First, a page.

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Publication numberUS4341528 A
Publication typeGrant
Application numberUS 06/174,132
Publication dateJul 27, 1982
Filing dateJul 31, 1980
Priority dateJul 31, 1980
Also published asEP0045647A2, EP0045647A3, WO1982000524A1
Publication number06174132, 174132, US 4341528 A, US 4341528A, US-A-4341528, US4341528 A, US4341528A
InventorsM. Zouheir M. Habbal
Original AssigneeRational Alternative
Export CitationBiBTeX, EndNote, RefMan
External Links: USPTO, USPTO Assignment, Espacenet
Simple, non-chromatographic, highly specific method for the determination of urinary vanilmandelic acid
US 4341528 A
The Habbal reaction as a simple spectrophotometric method for the determination of urinary vanilmandelic acid (VMA) is presented. The Habbal reaction is based on the diazo reaction, the specificity of which is maximally increased by citrate buffer extraction of urinary phenolic acids and ethyl acetate extraction of the diazo derivative. The excellent specificity of the general reaction is proved by interference studies, specific destruction of VMA and chromatography. However, the diazo derivative of VMA is unstable in organic solvent ethyl acetate and, according to the Habbel reaction, is stabilized by dimethylsulfoxide (DMSO) and 2-amino-2-methyl-1-propanol (AMP) to give a stable blue chromophore absorbing maximally at 600 nm. The method is quick (20 minutes), exhibits excellent sensitivity, linearity and correlation with the highly specific method of bidirectional paper chromatography.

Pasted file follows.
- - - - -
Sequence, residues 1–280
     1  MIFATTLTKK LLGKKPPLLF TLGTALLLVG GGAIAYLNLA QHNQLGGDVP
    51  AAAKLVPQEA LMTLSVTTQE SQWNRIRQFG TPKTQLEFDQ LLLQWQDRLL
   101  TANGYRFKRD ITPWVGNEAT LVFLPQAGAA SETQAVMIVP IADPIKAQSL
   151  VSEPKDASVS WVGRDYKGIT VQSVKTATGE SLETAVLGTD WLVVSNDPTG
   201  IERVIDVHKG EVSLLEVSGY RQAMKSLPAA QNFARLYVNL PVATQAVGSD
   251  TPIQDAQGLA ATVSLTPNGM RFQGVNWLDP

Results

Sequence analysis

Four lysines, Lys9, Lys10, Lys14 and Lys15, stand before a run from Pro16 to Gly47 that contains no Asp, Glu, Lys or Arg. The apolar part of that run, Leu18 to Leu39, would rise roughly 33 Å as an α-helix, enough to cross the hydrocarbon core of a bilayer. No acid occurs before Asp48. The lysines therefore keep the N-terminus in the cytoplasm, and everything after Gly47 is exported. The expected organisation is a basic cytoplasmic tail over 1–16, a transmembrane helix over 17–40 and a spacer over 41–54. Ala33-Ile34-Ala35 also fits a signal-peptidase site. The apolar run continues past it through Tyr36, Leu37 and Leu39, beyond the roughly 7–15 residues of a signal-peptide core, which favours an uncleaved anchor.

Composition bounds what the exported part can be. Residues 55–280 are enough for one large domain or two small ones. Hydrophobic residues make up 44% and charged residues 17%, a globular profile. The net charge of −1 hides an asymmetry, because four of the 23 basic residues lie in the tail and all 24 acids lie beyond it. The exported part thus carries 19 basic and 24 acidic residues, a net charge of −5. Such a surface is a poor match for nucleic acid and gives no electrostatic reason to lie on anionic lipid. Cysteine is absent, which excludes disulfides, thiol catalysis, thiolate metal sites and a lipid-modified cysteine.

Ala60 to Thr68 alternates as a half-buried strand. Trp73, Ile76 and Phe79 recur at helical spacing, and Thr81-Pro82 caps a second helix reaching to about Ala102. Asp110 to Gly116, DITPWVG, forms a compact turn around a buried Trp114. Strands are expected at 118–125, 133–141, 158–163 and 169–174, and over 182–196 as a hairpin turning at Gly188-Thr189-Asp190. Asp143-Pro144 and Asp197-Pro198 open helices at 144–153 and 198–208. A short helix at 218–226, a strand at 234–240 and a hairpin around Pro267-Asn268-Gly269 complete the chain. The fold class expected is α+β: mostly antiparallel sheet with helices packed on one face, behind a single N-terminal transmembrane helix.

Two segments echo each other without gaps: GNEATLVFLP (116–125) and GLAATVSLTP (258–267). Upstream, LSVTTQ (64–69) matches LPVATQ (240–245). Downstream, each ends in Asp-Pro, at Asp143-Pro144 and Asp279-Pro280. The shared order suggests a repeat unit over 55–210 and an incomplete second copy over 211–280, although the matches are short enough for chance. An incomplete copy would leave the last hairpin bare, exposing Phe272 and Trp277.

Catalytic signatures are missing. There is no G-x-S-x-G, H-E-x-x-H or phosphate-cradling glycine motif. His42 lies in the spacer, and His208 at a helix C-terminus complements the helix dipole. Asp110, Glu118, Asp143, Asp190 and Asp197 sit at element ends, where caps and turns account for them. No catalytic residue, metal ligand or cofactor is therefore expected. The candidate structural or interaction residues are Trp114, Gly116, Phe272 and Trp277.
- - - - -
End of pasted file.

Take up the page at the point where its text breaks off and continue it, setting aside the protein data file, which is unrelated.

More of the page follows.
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What is claimed is:
1. The method for the determination of vanilmandelic acid comprising the steps of:
(a) forming a diazo derivative by reacting a p-nitrobenzenediazonium salt with vanilmandelic acid;
(b) extracting said derivative into ethyl acetate;
(c) forming a stable chromophore of said derivative by adding to the ethyl acetate extract thereof effective amounts of dimethylsulfoxide and 2-amino-2-methyl-1-propanol; and
(d) quantitatively determining said chromophore.
2. The method of claim 1 wherein step (d) comprises determining the chromophore spectrophoto metrically.
3. The Habbal Reaction comprising forming a stable chromophore of a diazo derivative by reacting a p-nitrobenzenediazonium salt with vanilmandelic acid, extracting the resulting derivative into ethyl acetate and adding to said ethyl acetate extract effective amounts of dimethylsulfoxide and 2-amino-2-methyl-1-propanol.

The determination of urinary vanilmandelic acid (VMA); the major peripheral metabolite of catecholamines (1) has been used as a good indicator of the neural and adrenal medullary overactivity especially in the detection and the establishment of the presence of pheochromocytoma in adults (2) and neuroblastoma in children (3).